Posted July 9, 2014
The 115-year-old Kern River oil field is providing another valuable commodity to California’s Central Valley: water, according to a New York Times article by Norimitsu Onishi available here. CNBC also published the NY Times article here.
Chevron owns the field and sells millions of gallons every day to a local water district that distributes it to farmers growing almonds, pistachios, citrus fruits, and other crops.
The water is pumped out of the same underground rock that contains oil. After the two are separated, the water flows through an eight-mile pipeline to Bakersfield’s Cawelo Water District, which will rely heavily on Chevron’s supply this year. The district sells the supply exclusively to farmers for irrigation, and they reduce salinity in water by blending it with water from other sources.
“These are the years that it really shines, because that water is constant no matter what the hydrology is,” said David R. Ansolabehere, the district’s general manager. “In wet years, it almost becomes a problem because we don’t have so much use for it. But in dry years, boy, it really does come in handy.”
Criticized for its use of water, especially in the process known as “fracking”, the oil industry is focusing on efforts to conserve and recycle water and increase irrigation supply. Critics are dismissing the efforts as a political ploy.
California relies on industry figures to determine the amount and kind of water used in oil production. According to the Western States Petroleum Association, 323 acre-feet of water were used in fracking 830 wells in California in 2013, compared with 2.7 million acre-feet for agriculture in Kern County.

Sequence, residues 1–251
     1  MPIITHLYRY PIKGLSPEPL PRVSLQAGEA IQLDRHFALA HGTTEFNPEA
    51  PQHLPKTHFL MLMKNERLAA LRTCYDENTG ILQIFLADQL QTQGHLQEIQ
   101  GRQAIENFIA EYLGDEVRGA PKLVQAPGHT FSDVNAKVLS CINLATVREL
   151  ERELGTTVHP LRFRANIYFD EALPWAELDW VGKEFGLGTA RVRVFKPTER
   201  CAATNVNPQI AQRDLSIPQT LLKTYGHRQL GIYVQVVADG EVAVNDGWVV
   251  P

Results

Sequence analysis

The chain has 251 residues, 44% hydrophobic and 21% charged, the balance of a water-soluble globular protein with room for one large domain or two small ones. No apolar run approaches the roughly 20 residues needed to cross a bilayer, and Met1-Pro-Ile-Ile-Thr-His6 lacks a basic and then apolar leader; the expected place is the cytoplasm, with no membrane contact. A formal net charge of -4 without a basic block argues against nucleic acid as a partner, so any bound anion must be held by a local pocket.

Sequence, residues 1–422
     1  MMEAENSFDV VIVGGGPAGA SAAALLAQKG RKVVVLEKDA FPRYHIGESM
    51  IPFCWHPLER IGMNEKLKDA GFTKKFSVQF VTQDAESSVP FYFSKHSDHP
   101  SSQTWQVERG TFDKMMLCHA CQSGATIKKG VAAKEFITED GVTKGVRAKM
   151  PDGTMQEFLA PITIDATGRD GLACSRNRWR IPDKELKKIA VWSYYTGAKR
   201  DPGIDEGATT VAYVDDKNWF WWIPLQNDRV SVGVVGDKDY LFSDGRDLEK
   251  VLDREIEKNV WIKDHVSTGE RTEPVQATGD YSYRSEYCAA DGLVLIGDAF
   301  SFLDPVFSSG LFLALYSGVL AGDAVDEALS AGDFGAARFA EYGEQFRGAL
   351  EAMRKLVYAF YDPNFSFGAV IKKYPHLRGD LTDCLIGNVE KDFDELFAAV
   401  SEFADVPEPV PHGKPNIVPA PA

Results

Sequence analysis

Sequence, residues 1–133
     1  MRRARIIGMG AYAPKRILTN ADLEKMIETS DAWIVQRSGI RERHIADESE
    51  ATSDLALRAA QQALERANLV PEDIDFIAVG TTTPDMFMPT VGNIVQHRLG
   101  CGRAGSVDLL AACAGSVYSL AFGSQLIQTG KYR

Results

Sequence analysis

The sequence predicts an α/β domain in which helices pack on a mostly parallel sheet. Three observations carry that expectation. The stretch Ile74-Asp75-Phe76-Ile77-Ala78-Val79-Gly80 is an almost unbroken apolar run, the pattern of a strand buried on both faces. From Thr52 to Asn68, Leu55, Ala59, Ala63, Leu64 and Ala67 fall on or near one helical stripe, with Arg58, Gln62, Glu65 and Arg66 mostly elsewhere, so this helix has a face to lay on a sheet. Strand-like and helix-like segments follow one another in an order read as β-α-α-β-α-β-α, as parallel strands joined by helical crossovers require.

“It’s almost impossible to get information,” said Adam Scow, the California campaign director for Food and Water Watch. “How much water is the oil industry using every year, whether it’s fracking, acidizing, cyclic steaming or other methods?”
Oil producers and farmers have resided peacefully in Kern County for decades, but that has changed recently.
Due to advances in drilling technology, oil companies have moved into agricultural areas. The drought is also another hardship on the relationship.
Richard Howitt, an emeritus professor of agricultural and resource economics who was the lead author of the report for the State Department of Food and Agriculture, said it was not possible to measure the effect of the oil industry’s water consumption on agriculture. But given the intensity of the drought, Mr. Howitt cautioned against increasing fracking.
About 760,000 barrels of water a day are produced at the Kern River oil field as compared to 70,000 barrels of oil, and half of that water goes to the Cawelo Water District.
In normal years, Chevron’s water is a slightly cheaper than water bought from the state, which sells for $30 to $60 per acre-foot, said Mr. Ansolabehere, the water district manager. This year, while the price of Chevron’s water is unchanged, water from the state is valued up to $1,300 per acre-foot. Water districts receive only a small fraction of what they are supposed to get from the state, he added.

 

For background on the California drought, previous posts from this blog are available hereand here.